This confidence in the human-divine origin of the Bible is not reasonable from a logical or scientific perspective. Christian belief in the incarnation (and the Bible) transcends human logic and the empirical observation of science. Thus, our faith and our thinking must have room for mystery.

This mystery only intensifies when we explore the meaning of the incarnation. Why did God become human? The incarnation is a necessary precondition for the atonement and our subsequent reconciliation with God. We believe, and the Bible teaches, that Jesus, the God-man, gave His life to save humans and bring them back to God. As Christians, we generally accept this so matter-of-factly that we do not reflect on how unreasonable this claim is. We believe the death of one person is sufficient to cover the sins of everyone who has ever lived. If Jesus were just a human, then there is no way He could pay for another’s sins and possibly not his own. Even if Jesus were just a sinless human, then His death might cover one other person—a life for a life. However, because Jesus is God he can cover the sins of the world. Thus, the mystery of our religion is that God took our sins upon himself; He paid the price for human sin. If true, then Christianity is far more mysterious than we usually comprehend.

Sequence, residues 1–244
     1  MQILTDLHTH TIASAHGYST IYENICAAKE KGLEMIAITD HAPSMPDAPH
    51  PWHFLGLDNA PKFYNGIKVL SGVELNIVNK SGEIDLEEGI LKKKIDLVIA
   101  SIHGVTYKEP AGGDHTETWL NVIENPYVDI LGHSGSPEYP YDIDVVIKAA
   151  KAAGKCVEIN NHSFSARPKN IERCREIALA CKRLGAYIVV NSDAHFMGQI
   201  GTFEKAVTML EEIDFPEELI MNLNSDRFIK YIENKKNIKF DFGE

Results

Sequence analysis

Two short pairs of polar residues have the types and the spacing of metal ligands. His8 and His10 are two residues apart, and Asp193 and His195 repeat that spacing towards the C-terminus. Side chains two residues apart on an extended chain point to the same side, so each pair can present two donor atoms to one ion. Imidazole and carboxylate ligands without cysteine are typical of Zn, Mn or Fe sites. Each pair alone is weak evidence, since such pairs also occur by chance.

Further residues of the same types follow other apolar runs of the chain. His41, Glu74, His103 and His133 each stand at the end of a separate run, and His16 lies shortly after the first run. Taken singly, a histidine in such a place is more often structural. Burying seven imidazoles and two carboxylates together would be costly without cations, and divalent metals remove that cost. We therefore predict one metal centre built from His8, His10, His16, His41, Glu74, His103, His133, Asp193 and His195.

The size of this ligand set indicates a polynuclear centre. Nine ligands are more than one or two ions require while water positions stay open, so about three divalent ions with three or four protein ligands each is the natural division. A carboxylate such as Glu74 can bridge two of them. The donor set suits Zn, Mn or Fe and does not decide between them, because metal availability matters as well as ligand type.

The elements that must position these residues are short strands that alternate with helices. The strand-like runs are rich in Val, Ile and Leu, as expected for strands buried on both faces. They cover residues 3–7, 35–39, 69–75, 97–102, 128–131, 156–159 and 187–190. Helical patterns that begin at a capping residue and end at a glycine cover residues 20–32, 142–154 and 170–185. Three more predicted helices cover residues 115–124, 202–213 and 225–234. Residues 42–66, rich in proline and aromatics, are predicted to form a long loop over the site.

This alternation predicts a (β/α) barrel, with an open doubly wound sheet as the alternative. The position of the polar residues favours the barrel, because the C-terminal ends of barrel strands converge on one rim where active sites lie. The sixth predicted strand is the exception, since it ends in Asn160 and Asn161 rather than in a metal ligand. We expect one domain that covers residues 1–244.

Yet this is precisely what the Bible teaches: “God made him who had no sin to be sin for us, so that in him we might become the righteousness of God” (2 Cor. 5.20). The Greek, however, is even stronger: “God made the one not knowing sin [into] sin for us.” This Sinless One not only bore our sins, but He took our sins into Himself, a thought teetering on the edge of nonsense … a mystery.

If that is not enough, Paul, in a seeming slip of tongue, suggests that God himself experienced death in the crucifixion of Jesus when he urged the Ephesian elders to “be shepherds of the church of God, which he bought with his own blood” (Acts 20.28). God’s own blood? This bothered later scribes who altered manuscripts from “church of the God” to “church of the Lord” to avoid the obvious meaning of the text. We might say that these scribes struggled with the mystery of God dying.

Finally, since faith will always have room for mystery, how then should we respond to things we cannot explain? Paul may give us an example here. At the end of his discussion about God’s mysterious ways of dealing with Israel that resulted in an influx of Gentile believers into the church, Paul can only express awe: Oh, the depth of the riches of the wisdom and knowledge of God! How unsearchable his judgments, and his paths beyond tracing out! “Who has known the mind of the Lord? Or who has been his counselor?” “Who has ever given to God, that God should repay him?””For from him and through him and to him are all things. To him be the glory forever! Amen” (Romans 11.33-36).

Thus, when Paul encountered this mystery, he worshiped. So should we. There remains for us, then, room for mystery. May our strivings be not toward a knowledge that seeks to unravel the mystery, but toward faith that embraces more than science or logic can ever explain.

Adapted from my April 2008 Gospel Herald article by the same name.